Shelter Scotland ask people of Edinburgh to back campaign to enshrine the right to a home in law
Over 3000 households assessed as homeless last year
CAMPAIGNERS from housing charity Shelter Scotland are on the streets of the Capital today seeking signatures on a petition calling for the right to a home to be enshrined in law.
They want the Scottish Government to pass a new law saying everyone is entitled to adequate housing as a right not a privilege.
Best-selling crime writer Val McDermid gave her support to the campaign.
She said: “Home is a place where you’re safe to be yourself, where you can relax, where you can express yourself and where you don’t feel under threat. Too many people don’t have that. That’s why I’m backing Shelter Scotland’s campaign.”
Statistics show over 3000 households were assessed as homeless or threatened with homelessness in Edinburgh last year.
And 1515 households - including 1260 children - were living in temporary homeless accommodation on March 31.
Shelter said research by YouGov found 88 per cent of people surveyed agreed that everyone in Scotland should have a legal right to a safe, secure and affordable home and 76 per cent supported a new law.
Today’s visit to the Newkirkgate shopping centre in Leith is the latest in a series of campaign days which will see the charity hitting towns and cities across Scotland in the coming weeks and months to drive home the message and ask people to sign the petition.
Graeme Brown, director of Shelter Scotland, said: “We bring our campaign to Edinburgh to get as many people as possible to join us by signing our petition. Too many people in Edinburgh and Scotland don’t have access to the basic right of a decent and affordable home – which is simply wrong in the 21st century in one of the world’s wealthiest countries.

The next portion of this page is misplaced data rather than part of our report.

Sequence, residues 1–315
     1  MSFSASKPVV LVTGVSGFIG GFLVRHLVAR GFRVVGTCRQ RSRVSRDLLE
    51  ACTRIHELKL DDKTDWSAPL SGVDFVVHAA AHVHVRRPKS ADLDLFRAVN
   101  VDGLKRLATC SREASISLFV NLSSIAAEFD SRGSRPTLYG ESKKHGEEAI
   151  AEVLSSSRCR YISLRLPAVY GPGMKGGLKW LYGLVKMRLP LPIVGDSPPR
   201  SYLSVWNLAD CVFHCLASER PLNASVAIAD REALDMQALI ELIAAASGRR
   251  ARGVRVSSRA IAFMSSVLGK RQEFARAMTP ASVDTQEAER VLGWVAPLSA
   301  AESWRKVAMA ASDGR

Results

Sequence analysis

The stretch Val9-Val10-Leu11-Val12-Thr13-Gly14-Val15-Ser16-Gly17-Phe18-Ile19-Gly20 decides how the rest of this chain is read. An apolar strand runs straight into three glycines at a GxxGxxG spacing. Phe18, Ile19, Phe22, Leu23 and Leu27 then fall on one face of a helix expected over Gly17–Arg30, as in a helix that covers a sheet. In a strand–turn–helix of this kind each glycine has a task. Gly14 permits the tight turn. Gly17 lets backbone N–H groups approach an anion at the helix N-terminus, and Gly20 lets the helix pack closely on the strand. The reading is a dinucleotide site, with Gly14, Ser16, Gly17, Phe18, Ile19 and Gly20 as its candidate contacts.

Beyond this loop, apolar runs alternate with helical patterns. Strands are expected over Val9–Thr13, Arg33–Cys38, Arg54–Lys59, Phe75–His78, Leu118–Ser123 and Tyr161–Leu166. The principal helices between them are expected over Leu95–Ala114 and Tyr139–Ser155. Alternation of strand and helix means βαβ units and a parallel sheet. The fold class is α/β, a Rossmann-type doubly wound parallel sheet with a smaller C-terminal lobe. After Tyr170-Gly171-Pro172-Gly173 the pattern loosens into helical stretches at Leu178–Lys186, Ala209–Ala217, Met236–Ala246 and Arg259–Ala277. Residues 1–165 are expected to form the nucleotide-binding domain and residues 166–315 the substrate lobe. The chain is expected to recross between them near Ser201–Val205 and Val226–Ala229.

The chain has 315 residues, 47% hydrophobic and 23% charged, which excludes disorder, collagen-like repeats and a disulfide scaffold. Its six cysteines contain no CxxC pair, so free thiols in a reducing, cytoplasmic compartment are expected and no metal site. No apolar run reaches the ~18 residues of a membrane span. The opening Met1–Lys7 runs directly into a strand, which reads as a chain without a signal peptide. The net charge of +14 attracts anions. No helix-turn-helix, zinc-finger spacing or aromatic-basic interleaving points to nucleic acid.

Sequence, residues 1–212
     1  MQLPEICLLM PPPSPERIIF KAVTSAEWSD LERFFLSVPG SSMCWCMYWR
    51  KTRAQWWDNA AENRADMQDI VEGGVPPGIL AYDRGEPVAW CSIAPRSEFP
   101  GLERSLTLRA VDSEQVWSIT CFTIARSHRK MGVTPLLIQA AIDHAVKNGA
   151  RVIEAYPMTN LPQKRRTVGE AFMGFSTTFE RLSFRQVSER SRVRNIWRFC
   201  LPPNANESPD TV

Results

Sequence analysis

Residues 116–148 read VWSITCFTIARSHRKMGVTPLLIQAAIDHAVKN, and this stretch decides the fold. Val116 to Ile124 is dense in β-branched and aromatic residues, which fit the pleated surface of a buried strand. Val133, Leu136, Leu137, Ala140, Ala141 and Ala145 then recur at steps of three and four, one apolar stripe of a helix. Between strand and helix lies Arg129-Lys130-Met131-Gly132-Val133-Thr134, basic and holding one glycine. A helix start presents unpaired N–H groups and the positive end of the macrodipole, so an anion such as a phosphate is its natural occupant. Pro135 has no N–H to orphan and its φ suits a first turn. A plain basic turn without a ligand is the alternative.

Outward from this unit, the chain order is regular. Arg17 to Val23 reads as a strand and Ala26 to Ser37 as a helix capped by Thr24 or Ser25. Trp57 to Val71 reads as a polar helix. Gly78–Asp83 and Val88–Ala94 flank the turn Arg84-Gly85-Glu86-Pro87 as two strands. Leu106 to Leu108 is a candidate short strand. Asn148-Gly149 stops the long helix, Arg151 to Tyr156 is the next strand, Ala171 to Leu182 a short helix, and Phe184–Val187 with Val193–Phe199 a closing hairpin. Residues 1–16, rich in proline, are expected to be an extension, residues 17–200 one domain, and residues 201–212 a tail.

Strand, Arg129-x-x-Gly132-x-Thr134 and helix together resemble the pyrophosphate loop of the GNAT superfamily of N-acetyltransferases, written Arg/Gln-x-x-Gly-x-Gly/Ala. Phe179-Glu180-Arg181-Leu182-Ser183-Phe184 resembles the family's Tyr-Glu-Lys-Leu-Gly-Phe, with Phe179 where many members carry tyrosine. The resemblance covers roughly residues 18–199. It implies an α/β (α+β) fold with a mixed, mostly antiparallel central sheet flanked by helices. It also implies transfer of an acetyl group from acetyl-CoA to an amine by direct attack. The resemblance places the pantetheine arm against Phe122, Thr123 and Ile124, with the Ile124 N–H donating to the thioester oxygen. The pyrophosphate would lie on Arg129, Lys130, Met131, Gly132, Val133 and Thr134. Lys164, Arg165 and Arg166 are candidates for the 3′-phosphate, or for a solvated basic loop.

“Our research shows that the people of Scotland support changes to give everyone the right to a decent home.
“Through this campaign we want the people of Edinburgh and Scotland to know that a good home is their right – not a privilege - and it should be law. We also want them to feel a sense of injustice that so many people don’t have access to this basic need.
“By encouraging people to join our campaign we want them to feel hopeful that they can make a difference if we all work together. We want them to feel like they’re joining an important and powerful movement for building a better Scotland for everyone.
“We want the right to a home and enshrining it in law to be at the forefront of everyone’s mind.
Meanwhile, Holyrood’s local government and communities committee has called for compulsory sales orders (CSOs) to be introduced to help tackle the blight of empty homes.
Recent figures have shown that over 3 per cent of Scotland’s 2.62 million dwellings are empty.
In a report the committee pointed out the SNP had promised CSOs at the 2016 election and the idea had widespread backing.
And it continued: “Given the strength of support for the development of CSO powers, the low uptake of CPO powers and a manifesto commitment to bring CSO powers forward in the current parliamentary session, it is disappointing that draft proposals or legislation pertaining to CSO powers have not emerged.”